Dr. Debra Pepler Scientific Co-Director, PREVNet

Where are we in our quest to address the problems of bullying at school and beyond?

  • We currently have comprehensive legislation that provides clear direction for principals and teachers about the responses required with both the children who are victimized and those who bully.
  • We have Canadian-grown programs with clear evidence that they work, such as WITS (www.witsprogram.ca) and the Fourth R (https://youthrelationships.org/).
  • We have extensive Canadian and international research describing bullying, the complex peer dynamics involved, and the destructive impact of involvement in bullying on those who bully, those who are victimized, and even those who observe bullying.

Are we there yet in our efforts to address these problems in consistent and constructive ways so that all children feel safe and included?

  • Not according to a teacher whom I met at a party who confronted me with the accusation that “my” bullying programs weren’t working in Ontario schools.
  • Not according to a colleague who spoke to principals who were not sure what they should do if they received a letter indicating that a child in their school was being bullied and suffering health problems as a result of victimization.

Are we there yet? I don’t think so – not yet – not until all our children are safe and healthy. But what can we do?

Perhaps we need to look beyond bullying at the broader picture of children’s health and development?

  • There is heightened awareness of bullying problems now – 25 years after Wendy Craig and I started our research on bullying.
  • There is an attitude that children who bully behave “badly” and need to be disciplined.
  • There is growing recognition that children who are victimized need to be protected and supported.
But children are struggling with a problem that is more complex and broader than bullying.

The problem is that we, as a society, have not fully understood that children’s healthy development depends primarily on the quality of relationships in which they grow up – at home, at school, with friends, in the neighbourhood, and in the electronic world. We need to help everyone involved with children and youth to understand what cutting-edge research is now showing us:

  • The quality of children’s relationships shapes gene expression, DNA, brain architecture, brain functioning, behaviour, emotions, health, and daily functioning.

Simply put – without healthy relationships, children cannot develop in healthy ways.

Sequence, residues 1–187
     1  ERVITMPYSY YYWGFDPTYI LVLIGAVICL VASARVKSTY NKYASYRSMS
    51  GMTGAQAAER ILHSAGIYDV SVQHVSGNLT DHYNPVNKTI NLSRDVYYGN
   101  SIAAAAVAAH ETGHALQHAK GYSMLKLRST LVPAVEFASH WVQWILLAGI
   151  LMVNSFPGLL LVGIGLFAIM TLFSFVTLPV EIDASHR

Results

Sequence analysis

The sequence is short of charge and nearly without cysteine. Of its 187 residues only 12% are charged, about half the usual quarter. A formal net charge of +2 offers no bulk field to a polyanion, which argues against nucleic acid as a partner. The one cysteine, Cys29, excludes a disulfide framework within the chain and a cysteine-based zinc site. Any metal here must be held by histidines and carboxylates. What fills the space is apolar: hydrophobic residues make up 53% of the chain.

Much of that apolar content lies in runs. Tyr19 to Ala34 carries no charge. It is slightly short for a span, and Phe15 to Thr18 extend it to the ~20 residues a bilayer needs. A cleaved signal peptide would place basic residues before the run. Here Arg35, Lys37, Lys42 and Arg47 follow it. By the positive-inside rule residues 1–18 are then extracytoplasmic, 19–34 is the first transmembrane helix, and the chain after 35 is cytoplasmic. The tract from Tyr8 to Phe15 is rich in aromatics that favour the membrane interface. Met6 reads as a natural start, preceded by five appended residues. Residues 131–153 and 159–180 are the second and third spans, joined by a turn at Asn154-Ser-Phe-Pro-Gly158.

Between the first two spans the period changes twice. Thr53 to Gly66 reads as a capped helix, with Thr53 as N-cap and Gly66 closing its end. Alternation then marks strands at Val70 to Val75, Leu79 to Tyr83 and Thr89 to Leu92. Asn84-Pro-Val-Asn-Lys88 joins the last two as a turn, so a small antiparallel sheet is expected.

What do children need in relationships?

  • After their basic needs for food, water, shelter, and safety, children need to feel valued and included. We are essentially social beings and our need for social connections is paramount.
  • From birth, children need loving, secure relationships with caregivers whom they can trust to meet their needs, make them feel valued, and support their development. They need these caregivers to be predictable, loving, and to guide them along the rocky developmental pathway – to help them learn from their mistakes, become more regulated, develop social skills and understanding, and explore their world of possibilities.
  • The same healthy relationships dynamics can unfold at school with the adults and other students. When these relationships are positive, warm, and accepting, children thrive and are motivated to engage and learn at school.

What happens in unhealthy relationships?

  • In unhealthy family relationships, children cannot predict whether their caregivers will be available to support them, will be loving or hostile or distant, whether fighting between parents will break out, whether they will be at the receiving end of abuse or neglect.
  • In unhealthy relationships at school, children cannot predict whether teachers and other staff will be available to support them and will help them when they make mistakes (which is how they learn). They may worry that the adults and other students will be neglectful or hostile, as in bullying. The stress that children experience in these relationships not only undermines their abilities to learn, but also their physical and mental health.

What undermines healthy development in unhealthy relationships? It appears from the emerging research that stress in relationships is the unhealthy ingredient.

We have a dream! That every child and youth in Canada will grow up in healthy relationships and have healthy development, as a result!

How can this happen? As leaders of PREVNet (Promoting Relationships and Preventing Violence Network), Wendy and I believe that promoting healthy relationships has to be viewed as a critical public health issue… every bit as important, or perhaps even more important than healthy eating and healthy active living.

What will it take? --- efforts from every one of us involved in the lives of children and youth because –

All adults in children’s and youths’ lives are essential in providing support for the development of healthy relationships, social responsibility, and citizenship for our children and youth. Learning how to get along with others and maintain healthy relationships is as critical as learning how to read and do math. It is only through strong, healthy relationships that children and youth will be prepared to be the partners, parents, employees, and leaders of tomorrow.